Finding Balance with a Typically Developing Sibling
The road is not always easy but, special-needs siblings learn from their typically developing siblings everyday.
Little brother is always watching his big sister.
I wrote an article last November about why and how to prepare yourself for a family vacation as a special-needs family. It’s a special-needs family because everyone in the family is impacted when even one child has special needs, especially the typically developing sibling. For the love of typically developing siblings, it is critical to step out on faith to take vacations and other normal outings around town as a special-needs family. It's one way to bring balance and a sense of normalcy to a life that can be isolating and unpredictable.
Our son J is 7, autistic, nonverbal and in the middle of potty training. Our daughter E is 10, in the talent development program at school, extremely verbal and social. They couldn’t be more different.
Flashback seven years ago. When we told E we were having a baby boy, she was so excited that she would finally have someone to play with, and she did for a while. But at 18 months, just when he should have been getting his voice, he abruptly retreated into his own world and she lost her playmate. She was devastated.
At 5 years old, not knowing how to react, she drifted in and out — sometimes daring to interact with J and other times brooding. At that young age, we couldn’t expect her to understand why he shrank away or even pushed hard when she tried to give him a hug, or why he put his hands over his ears or cried when she talked or sang to him.
When she had friends over, J at a minimum would scream loudly for most of the visit, but often he would tear through the room with her friends destroying everything in his path or run around in some state of undress, not to mention, our inability to full engage with her play date as we attended to his needs and tried to keep him at bay. On top of that, she was continually asked to accommodate for his needs.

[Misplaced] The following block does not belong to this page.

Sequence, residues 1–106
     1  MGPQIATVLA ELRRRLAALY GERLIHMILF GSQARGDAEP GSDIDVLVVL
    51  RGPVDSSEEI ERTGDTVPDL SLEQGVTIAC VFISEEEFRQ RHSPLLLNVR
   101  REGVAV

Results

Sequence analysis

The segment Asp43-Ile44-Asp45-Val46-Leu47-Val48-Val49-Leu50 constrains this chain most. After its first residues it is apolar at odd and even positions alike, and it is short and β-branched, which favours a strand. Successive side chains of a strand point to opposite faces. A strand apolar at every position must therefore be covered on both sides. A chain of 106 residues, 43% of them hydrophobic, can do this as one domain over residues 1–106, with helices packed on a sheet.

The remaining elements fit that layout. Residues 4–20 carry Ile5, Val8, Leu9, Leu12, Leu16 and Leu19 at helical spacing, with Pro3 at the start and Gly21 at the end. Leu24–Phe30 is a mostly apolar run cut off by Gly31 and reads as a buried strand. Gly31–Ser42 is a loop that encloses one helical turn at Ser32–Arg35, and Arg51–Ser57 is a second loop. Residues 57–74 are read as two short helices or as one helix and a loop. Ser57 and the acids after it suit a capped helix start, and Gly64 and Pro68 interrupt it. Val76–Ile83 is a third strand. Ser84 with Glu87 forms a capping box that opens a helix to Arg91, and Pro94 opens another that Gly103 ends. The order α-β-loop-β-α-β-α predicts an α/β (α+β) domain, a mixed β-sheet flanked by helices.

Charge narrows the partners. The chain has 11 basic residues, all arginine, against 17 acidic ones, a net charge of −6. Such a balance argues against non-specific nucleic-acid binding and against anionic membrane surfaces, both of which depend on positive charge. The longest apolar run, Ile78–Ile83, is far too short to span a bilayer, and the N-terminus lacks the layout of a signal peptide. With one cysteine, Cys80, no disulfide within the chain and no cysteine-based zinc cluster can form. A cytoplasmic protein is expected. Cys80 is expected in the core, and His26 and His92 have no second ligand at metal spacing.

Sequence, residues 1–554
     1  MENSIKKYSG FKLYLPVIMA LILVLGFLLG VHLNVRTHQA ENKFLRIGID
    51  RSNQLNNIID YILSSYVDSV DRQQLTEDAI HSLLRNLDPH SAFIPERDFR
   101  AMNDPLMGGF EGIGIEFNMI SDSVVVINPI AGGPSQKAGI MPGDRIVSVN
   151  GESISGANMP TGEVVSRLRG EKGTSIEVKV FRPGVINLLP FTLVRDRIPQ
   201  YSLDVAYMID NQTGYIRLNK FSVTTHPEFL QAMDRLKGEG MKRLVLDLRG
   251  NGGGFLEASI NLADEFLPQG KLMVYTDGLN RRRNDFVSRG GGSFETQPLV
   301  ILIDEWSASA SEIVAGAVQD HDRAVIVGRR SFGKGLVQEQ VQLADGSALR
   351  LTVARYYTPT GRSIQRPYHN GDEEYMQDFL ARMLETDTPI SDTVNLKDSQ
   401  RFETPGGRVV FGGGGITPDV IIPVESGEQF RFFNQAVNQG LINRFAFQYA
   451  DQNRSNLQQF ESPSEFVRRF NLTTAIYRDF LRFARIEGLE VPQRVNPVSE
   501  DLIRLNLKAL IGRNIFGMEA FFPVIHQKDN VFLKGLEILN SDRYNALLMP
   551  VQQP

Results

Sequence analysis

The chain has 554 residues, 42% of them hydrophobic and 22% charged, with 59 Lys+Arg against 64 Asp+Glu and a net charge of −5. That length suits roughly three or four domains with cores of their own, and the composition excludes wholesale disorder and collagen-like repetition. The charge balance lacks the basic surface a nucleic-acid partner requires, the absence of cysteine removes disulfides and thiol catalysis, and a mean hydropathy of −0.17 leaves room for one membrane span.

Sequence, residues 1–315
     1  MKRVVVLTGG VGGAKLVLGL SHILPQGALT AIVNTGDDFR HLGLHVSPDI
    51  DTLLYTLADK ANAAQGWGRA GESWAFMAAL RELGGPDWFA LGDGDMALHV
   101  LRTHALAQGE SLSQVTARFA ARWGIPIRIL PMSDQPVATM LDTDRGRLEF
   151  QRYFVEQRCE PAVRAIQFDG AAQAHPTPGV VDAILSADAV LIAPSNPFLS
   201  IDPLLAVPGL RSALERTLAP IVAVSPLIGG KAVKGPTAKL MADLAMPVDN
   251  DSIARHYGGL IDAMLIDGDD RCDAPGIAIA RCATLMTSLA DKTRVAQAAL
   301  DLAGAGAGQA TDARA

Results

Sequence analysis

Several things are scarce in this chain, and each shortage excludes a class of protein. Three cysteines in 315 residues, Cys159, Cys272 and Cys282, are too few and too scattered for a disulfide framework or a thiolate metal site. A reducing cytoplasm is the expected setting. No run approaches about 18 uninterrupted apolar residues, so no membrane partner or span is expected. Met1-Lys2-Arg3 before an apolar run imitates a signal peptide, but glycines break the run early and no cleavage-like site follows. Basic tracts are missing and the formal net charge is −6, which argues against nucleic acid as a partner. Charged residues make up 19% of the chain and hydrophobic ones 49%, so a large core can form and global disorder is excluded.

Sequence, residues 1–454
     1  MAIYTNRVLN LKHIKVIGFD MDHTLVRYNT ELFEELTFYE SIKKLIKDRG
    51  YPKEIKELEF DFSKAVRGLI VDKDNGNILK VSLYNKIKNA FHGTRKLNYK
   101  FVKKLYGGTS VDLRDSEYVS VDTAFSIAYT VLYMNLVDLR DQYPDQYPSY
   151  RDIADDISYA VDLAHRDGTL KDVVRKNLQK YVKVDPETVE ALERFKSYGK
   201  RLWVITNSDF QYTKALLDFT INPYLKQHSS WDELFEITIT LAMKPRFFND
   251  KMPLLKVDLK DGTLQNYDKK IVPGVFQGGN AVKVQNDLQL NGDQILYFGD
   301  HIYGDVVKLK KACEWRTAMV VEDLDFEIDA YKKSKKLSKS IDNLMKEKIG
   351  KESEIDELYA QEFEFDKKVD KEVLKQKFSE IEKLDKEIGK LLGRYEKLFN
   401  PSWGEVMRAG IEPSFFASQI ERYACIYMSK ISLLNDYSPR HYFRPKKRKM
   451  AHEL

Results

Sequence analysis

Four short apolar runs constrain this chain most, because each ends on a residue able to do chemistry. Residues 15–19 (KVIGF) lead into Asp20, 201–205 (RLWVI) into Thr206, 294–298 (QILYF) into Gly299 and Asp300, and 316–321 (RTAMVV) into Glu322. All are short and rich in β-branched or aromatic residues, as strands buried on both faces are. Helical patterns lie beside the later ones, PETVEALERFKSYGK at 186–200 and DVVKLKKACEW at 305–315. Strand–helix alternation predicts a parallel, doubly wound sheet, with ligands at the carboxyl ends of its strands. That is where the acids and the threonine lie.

For many years a family trip to the movies was out of the question. Even though E has an adventurous palate, when we go out to eat as a family, we tend to go to the same restaurants — restaurants that have J's favorite foods (bacon, fries and apples or grapes) — and there is always a chance we may end up quickly leaving, or spending much of the time in the bathroom or parking lot while he melts down and screams inconsolably.
But E is a trooper — or at least we’d like to believe it. She loves her brother and wishes he were more loving towards her. She hopes he can overcome his challenges. His challenges have also made her more empathetic to other kids in her class and community with special needs. She goes out of her way to befriend and look out for them. In that way we are lucky and forever changed. Our capacity for unconditional love, advocacy, problem-solving, patience and handling awkward public situations has expanded beyond what we could have ever imagined. We have J to thank for that.
E admits, however, that she is lonely, and much to my chagrin, has somewhat embraced it though she naturally is very outgoing. This loneliness is due to all of the time and attention we have to dedicate to keeping her brother safe, traveling to and from therapies and planning for the next step in his treatment. After a day of that, plus two full time jobs, we are exhausted with little reserve left for play and connection with her or ourselves.